That is an interesting thought, actually. I am not familiar with many fandoms, and I cannot think readily of many examples of this, but yes it does happen and it's amazing how much latitude the audience gives the protagonist when they do something they shouldn't. Or appear to.

The only instance I can sort of think of is Fraser running off with Victoria in dS. OK, during the episode itself you can never really tell if he's really going to go through with it or not - and of course he very conveniently gets shot so he can't - but then he tells Ray that he *was* going, abandoning his two best friends in the process and, to all intents and purposes, bankrupting Ray and his family. And yet everyone is all "Poor tragic Fraser", so yes, I suppose a pretty face can go a long way. What about poor RayV? He nearly loses his house and then his friend. Yet this part of the story is often used in fic to stoke up the perceived inimity between RayV & RayK. If I'd been Vecchio, I'd have beaten Fraser with a stick as soon as he got better, never mind be so patient and understanding, LOL.

I suppose in that example it's all meant to look OOC - which, as a one-off, makes for fairly good drama I think - but I would be curious to know of any examples where anyone actually managed to go through with the "wrong decision" so to speak, and how fans reacted to that.

Your icon just got me thinking (always a dangerous thing): I am very, very fuzzy on Torchwood, I've not even seen all of the episodes, let alone had a good think about them, but aren't there a couple of examples of this going on there as well? Or am I getting mixed up again?

Date: 2007-04-07 09:55 pm (UTC)
From: [identity profile] bluealbertaskys.livejournal.com
Or am I getting mixed up again?

Nope you're perfectly correct and that was actually the example I was thinking of but didn't want to mention specifics in case you didn't know the series at all.

Most fans hate the character - Gwen - for this and yet there are a few of us who, whilst not condoning her actions, really hope she'll be able to redeem herself next season because she has the potential to do a lot of good.

Whilst she continues to act as she has though I just can't like her. I felt rather sorry for her to begin with but then she did something further to make me really dislike her (not going to say what in case you don't want to be spoiled if you decide to catch up with the series).

And yet this is a main character on the "good guy's" side and this flaw is supposed to make her more human and more like us so we're supposed to be able to relate to her dilemma and sympathise with her.

On the other hand, as you mentioned, Fraser also attempts to do something to betray others and yet we all love him as much after we heard about that as we did before. I can't decide if this is because he wasn't able to go through with it, albeit not of his own choice, or because his character had been absolutely flawless before that point so we could be easily prepared to forgive him one misdemeanor(sp?).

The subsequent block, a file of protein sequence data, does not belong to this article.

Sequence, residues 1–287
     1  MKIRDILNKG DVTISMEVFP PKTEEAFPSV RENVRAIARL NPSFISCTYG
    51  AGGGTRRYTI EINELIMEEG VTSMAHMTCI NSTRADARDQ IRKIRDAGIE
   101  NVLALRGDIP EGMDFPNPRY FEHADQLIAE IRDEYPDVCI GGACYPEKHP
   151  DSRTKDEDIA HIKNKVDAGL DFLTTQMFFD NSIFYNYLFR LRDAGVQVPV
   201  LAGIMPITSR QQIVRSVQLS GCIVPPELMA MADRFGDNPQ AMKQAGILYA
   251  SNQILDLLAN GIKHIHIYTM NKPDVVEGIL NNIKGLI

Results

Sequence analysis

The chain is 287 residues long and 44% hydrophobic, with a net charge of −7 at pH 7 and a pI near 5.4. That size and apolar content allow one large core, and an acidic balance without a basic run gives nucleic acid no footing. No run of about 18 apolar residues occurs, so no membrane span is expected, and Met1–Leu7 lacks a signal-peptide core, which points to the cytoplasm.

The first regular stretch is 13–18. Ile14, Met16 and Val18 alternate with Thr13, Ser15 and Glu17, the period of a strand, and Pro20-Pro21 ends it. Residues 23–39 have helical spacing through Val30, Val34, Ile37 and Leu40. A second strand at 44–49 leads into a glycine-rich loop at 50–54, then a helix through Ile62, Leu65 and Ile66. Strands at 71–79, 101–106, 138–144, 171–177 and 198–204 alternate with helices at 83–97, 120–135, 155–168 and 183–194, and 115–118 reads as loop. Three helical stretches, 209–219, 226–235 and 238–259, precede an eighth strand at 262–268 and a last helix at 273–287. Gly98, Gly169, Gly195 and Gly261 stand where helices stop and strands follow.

Date: 2007-04-07 11:20 pm (UTC)
From: [identity profile] revbiscuit.livejournal.com
I just went and had a look at the Torchwood site, and it looks like I *have* seen all of the episodes. Or maybe I've missed one or two in the middle. I cannot be too sure. I have to say the whole thing had me completely baffled from about halfway through, and I sort of lost interest.

I think the writers have tried to write the characters into too many uncomfortable situations. It's like they wanted to shock you every 10 minutes. I just found it all very confusing and convoluted. For example, I lost track of all the times they tried to get their leg over either with each other or the odd passer-by. Plus the whole team sort of disintegrated with every other episode - every other week someone seemed to do something that would put the project into jeopardy - which again, very human, but kind of relentless, you know?

I am not entirely sure of which particular thing Gwen is hated for - if it's all the carry on with the bf I guess it's because as a society we are still less ready to accept this type of behaviour in a woman than in a man. When Fraser cocks up, all we worry about is that he's suffering for his art or something, because we fancy him. When a woman does, society at large, and fandom with it, is a lot less forgiving. Then again, I may have got hold of the completely wrong end of the stick here. I am an ageing feminist *g* and I am obsessed with this sort of societal conditioning, what can I tell you.

Funnily enough, when I made that comment I was thinking more of Ianto and his er, 'modified' girlfriend, and the entire shebang at the end, when everybody sort of pitches in to cause chaos. And I am also wary of being too precise, in case anyone reads this who doesn't want to be spoiled.